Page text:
Life Advice

How to avoid family conflict at Christmas

Are you one of the 55 per cent of adults who find Christmas stressful? Here’s some expert tips to help you over the festive period

Despite lashings of festive merriment, for many people Christmas is a time of increased stress and conflict. Indeed, Google searches for anger management peak in December in the lead up to Christmas. A recent survey by relationship counsellors Relate also found that 55 per cent of UK adults think Christmas places an added strain on relationships, with arguments about money causing the most tension.

So how can you minimise conflict and ensure relations with family and friends don’t combust in a turkey-fuelled bonfire of lingering resentment and reignited arguments? We spoke with Gurpreet Singh, a Relate counsellor and psychotherapist, for his advice on how to avoid family conflict over Christmas. ‘The festive period a time of heightened emotions,’ he explains. ‘If you’re feeling happy, you’re very happy, and if you’re feeling sad or angry, it’s magnified, as well.’ Here’s his top five tips.

Gurpreet Singh, Relate counsellor and psychotherapist

1. Don’t prevent conflict

Surprisingly, Singh doesn’t recommend simply trying to avoid arguments. Instead, he advises navigating rocky territory ahead of time, and ironing out any problems before the big day hits. ‘Understand the difficulties of Christmas by talking to your partner, and acknowledge any differences and underlying issues that might cause problems, rather than just circumventing them. It’s especially important to understand if something is important to your partner, even if it’s not to you.’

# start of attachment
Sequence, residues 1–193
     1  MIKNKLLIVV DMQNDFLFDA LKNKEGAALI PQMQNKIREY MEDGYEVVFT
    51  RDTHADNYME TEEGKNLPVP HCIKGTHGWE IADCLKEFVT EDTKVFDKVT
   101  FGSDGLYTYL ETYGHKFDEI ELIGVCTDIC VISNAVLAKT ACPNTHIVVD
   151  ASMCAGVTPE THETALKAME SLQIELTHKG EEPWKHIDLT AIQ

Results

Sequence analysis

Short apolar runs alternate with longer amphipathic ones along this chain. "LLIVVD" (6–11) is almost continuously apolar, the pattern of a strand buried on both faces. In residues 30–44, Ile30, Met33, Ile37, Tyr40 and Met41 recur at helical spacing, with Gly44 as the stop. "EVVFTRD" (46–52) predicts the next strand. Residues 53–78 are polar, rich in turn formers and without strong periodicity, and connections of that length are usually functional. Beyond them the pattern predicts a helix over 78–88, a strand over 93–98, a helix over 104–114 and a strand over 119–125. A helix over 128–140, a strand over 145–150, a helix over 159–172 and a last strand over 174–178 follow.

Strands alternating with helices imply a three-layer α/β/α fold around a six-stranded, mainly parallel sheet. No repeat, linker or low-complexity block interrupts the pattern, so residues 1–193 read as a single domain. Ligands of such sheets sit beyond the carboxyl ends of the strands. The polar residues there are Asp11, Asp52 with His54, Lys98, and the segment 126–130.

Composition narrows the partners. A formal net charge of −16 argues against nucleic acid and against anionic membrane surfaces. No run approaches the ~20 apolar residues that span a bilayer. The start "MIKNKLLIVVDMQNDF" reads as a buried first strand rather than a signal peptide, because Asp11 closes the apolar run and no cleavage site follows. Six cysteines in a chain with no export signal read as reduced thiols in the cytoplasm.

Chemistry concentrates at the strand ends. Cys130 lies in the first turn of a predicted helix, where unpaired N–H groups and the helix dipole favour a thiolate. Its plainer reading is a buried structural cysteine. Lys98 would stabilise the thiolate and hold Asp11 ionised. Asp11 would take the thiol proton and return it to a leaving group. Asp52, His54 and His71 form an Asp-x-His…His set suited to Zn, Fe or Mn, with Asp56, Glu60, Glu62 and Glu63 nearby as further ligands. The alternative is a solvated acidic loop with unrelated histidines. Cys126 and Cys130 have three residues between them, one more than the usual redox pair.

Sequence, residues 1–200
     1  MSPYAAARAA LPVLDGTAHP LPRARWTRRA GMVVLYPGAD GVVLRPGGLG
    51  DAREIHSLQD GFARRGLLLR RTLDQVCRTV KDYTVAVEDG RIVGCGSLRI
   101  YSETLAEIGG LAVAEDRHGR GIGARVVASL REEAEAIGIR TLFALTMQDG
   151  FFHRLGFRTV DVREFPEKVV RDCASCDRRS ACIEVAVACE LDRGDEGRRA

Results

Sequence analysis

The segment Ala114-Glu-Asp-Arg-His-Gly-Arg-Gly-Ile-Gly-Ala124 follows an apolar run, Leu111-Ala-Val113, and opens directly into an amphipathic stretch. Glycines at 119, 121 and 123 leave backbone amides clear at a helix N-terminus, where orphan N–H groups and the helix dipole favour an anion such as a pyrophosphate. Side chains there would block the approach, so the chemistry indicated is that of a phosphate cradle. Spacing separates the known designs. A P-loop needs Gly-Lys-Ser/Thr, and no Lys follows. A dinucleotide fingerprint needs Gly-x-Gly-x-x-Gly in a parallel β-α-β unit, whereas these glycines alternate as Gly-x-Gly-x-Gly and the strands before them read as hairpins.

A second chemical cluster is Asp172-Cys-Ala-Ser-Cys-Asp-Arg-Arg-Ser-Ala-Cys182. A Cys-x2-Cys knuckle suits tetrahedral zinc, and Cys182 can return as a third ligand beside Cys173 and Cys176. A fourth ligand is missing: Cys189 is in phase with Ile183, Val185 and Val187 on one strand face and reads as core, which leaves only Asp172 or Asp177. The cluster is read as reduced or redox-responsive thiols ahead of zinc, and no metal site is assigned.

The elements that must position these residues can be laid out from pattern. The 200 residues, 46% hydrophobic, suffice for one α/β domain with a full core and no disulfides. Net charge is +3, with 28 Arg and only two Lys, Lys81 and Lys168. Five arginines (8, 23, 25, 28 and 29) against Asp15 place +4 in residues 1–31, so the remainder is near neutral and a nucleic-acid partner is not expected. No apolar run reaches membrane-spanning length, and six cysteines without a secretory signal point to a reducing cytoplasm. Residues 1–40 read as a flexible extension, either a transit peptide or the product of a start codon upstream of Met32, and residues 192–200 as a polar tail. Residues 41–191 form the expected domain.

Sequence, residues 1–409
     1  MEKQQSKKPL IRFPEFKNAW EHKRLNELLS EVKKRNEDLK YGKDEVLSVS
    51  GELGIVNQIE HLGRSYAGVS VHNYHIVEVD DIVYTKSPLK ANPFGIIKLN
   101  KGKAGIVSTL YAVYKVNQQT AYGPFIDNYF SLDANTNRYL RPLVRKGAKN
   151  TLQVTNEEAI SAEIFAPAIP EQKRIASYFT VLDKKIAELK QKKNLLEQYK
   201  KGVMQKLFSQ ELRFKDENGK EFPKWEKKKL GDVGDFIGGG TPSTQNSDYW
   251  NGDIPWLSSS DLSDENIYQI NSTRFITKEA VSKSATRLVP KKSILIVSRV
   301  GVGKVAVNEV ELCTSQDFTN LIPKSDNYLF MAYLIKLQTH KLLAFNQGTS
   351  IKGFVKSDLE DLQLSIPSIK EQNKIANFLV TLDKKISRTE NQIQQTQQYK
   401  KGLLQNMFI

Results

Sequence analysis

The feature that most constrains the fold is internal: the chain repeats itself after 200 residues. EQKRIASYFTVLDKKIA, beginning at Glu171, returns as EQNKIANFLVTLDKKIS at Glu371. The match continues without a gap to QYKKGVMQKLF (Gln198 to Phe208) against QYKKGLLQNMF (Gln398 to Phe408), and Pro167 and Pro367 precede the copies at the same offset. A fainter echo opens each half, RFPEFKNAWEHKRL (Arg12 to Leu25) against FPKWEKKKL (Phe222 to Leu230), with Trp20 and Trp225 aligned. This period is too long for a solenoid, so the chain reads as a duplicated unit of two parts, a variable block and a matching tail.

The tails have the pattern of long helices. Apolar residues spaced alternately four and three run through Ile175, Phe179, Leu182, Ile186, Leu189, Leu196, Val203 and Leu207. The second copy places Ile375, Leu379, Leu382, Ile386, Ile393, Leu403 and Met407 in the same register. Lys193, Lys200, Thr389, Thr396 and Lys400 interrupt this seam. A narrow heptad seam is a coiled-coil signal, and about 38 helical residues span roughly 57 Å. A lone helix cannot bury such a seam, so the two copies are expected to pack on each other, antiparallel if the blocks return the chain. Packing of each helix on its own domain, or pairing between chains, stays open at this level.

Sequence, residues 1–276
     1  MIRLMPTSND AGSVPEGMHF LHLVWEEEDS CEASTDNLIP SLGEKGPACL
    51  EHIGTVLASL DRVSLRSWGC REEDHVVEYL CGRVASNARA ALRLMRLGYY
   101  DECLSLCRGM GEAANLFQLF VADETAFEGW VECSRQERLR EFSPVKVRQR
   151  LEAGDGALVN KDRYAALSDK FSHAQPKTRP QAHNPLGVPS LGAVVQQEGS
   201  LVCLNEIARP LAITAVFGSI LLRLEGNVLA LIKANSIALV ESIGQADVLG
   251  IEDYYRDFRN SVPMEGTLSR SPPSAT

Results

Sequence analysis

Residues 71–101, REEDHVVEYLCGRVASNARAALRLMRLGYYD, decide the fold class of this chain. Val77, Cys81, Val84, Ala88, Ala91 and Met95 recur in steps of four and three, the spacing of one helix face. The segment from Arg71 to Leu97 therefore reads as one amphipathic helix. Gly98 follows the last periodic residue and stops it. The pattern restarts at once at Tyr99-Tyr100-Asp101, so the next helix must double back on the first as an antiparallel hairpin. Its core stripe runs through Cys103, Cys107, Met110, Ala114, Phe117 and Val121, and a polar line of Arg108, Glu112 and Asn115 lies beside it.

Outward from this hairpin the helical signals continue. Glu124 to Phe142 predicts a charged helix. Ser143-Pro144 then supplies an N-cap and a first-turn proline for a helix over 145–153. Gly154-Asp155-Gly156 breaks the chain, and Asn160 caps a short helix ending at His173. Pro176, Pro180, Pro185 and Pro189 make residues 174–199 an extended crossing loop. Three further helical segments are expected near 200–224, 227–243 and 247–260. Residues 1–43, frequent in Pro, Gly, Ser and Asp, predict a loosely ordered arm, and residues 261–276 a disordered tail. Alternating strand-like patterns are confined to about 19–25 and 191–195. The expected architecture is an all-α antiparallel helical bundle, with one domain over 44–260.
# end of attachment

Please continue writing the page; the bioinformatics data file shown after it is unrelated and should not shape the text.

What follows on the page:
2. Avoid letting arguments fester

Whatever the problem is, if conflict arises Singh recommends that it’s important for it not to fester – and be blown out of all proportion later on. ‘Identify problems ahead of time, and work through them straight away. Most importantly, it’s about learning the boundaries of what works for you and your family. Families are an integral part of your support system, if you can learn to navigate them. But if you don’t get along, they can be equally disruptive.’

3. Just breathe and walk away

Although being able to communicate what hurts you is important, Singh is adamant that you shouldn’t say something in anger that you’ll later regret. ‘It’s far better to just breathe, ask to be excused and walk away. Also, show common courtesy and decency in your actions. Don’t do things at a cost to yourself, but that is no excuse to be rude to other people. Once you feel safe you can go back and address what made you uncomfortable.’

4. Learn strategies to manage your anger

Often, men gravitate to anger as a response mechanism when they feel threatened. However, this is especially unhelpful at Christmas, and finding strategies to manage your anger is important. ‘Learn to say what you disagree with, but in a healthy way,’ advises Singh. ‘Rather than using your anger to express what you’re feeling in a negative way, it’s better to simply walk away. Come back later to address what made you angry when you feel ready, and in a calmer state of mind.’

5. Communication, communication, communication

And the most important way to having a Christmas free of conflict? Communication. ‘If you don’t say what you’re feeling, someone else isn’t necessarily going to know it,’ explains Singh. ‘Good communication is such an important part of any healthy relationship, be it a friend, a colleague or a family member.’ Get that right, and your Christmas will be all the better for it.